What To Do When Your School Mandates PBIS

I periodically receive emails from teachers informing me that their school is implementing PBIS (Positive Behavior Interventions and Supports). This program gives rewards for expected behaviors—which the teachers do not believe is a good practice. Teachers have been using Discipline Without Stress and are wary of PBIS that focuses on external motivation—especially since the teachers have been so successful with their current system that uses internal motivation to have students want to behave responsibly and put forth effort in their learning. Sophisticated teachers understand that external maniulators change motivation. Once a reward is given to do what is expected, one never knows if the motivation for a future action will be to do the right thing or to get a reward.

PBIS was established by the Office of Special Education Programs in the U.S. Department of Education. It was developed as an alternative to aversive interventions that were used with students with severe disabilities who engaged in extreme forms of self-injury and aggression. Educational “leaders” projected that if this external approach works on students with special needs that it should also work with all students. Than, as is so often the case in top-down educational practices, the approach was mandated in many communities and states.

PBIS is based in B.F. Skinner’s positive reinforcement approach, commonly referred to as “behaviorism.”  (Skinner worked on rodents and other species and projected that the same “reinforcement” approach would work on humans. Neuroscientists never use his approach because it completely rejects any kind of internal motivation.)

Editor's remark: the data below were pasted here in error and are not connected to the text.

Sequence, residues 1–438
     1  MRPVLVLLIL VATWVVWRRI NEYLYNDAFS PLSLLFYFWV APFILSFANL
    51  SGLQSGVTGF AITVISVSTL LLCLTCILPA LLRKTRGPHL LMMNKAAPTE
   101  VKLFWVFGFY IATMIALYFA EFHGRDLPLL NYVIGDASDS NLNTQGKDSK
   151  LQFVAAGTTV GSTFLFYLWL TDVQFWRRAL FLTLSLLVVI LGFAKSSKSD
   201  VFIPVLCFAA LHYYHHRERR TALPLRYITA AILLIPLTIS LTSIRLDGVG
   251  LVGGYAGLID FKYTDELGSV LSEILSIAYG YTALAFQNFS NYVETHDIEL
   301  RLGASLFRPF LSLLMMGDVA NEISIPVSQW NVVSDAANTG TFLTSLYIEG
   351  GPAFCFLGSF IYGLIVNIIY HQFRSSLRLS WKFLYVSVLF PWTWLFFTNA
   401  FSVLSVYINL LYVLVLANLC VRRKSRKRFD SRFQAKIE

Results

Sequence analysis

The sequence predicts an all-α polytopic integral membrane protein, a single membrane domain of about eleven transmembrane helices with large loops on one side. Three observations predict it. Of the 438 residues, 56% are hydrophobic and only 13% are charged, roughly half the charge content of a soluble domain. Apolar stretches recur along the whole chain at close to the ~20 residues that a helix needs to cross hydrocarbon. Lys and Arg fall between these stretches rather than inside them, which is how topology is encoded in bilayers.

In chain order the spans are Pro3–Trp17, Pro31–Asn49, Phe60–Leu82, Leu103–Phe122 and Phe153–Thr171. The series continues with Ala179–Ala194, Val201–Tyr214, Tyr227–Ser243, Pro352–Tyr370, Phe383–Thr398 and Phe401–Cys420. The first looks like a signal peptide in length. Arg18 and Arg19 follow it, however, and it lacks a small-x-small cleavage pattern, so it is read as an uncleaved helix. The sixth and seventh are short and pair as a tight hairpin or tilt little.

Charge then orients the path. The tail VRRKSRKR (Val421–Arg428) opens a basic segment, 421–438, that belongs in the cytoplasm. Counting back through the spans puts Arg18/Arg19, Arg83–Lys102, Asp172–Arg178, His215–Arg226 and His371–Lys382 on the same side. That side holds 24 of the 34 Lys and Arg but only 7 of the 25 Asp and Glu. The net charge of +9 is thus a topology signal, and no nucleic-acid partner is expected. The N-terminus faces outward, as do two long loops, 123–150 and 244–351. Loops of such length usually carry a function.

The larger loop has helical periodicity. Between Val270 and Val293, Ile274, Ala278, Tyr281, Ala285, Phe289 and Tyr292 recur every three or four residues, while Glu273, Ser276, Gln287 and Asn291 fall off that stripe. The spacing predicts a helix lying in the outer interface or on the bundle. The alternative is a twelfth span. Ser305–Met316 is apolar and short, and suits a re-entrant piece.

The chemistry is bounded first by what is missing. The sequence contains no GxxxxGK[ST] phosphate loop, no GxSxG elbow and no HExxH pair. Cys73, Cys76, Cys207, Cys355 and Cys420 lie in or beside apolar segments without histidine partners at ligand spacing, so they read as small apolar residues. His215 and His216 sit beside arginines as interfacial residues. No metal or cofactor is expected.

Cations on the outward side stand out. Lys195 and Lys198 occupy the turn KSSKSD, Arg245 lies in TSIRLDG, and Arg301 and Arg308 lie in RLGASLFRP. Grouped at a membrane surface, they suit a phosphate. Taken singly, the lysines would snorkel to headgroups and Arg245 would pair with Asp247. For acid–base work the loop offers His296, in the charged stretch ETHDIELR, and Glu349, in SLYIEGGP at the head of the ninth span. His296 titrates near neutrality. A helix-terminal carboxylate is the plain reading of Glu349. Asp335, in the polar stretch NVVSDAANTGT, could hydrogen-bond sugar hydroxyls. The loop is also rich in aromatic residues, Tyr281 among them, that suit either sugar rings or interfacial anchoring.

An integral part of PBIS is based on using rules. But rules are meant to control, not inspire. If a rule is broken, the natural tendency is to enforce it. Without even realizing it, teachers who depend on rules soon become cops enforcing rules. Teachers generally do not enter the teaching profession to become police, but that is what they become when teaching is based on enforcing rules. (See the short video.) In addition, establishing rules to have teachers reward students is counterproductive to the goals of the system—a critical factor the developers of the approach do not realize. Rewards aim at obedience. But obedience does not create desire. Rules do not foster values of character education such as responsibility, integrity, honesty, empathy, or perseverance.

So what should a teacher do if PBIS is mandated? The first step would be to ask for a waiver from the administration. The case would be presented by asking whether the school’s administration would be willing to allow the teacher to use her/his professional judgment to continue using a non-manipulate and noncoercive (using rewards to control) approach that is very successful.

In all of my studies of PBIS, I have not seen anything that mandates the teacher to do the rewarding. Have a class meeting. Put the problem on the table and let the students determine the criteria to be used for any reward. Then have the students choose on a rotating basis which students will do the rewarding. Students will soon discover that rewarding for appropriate behavior is unfair because no one can reward all students who deserve the reward. In addition, rather than collaborating for learning, students start to  compete with each other for the most rewards.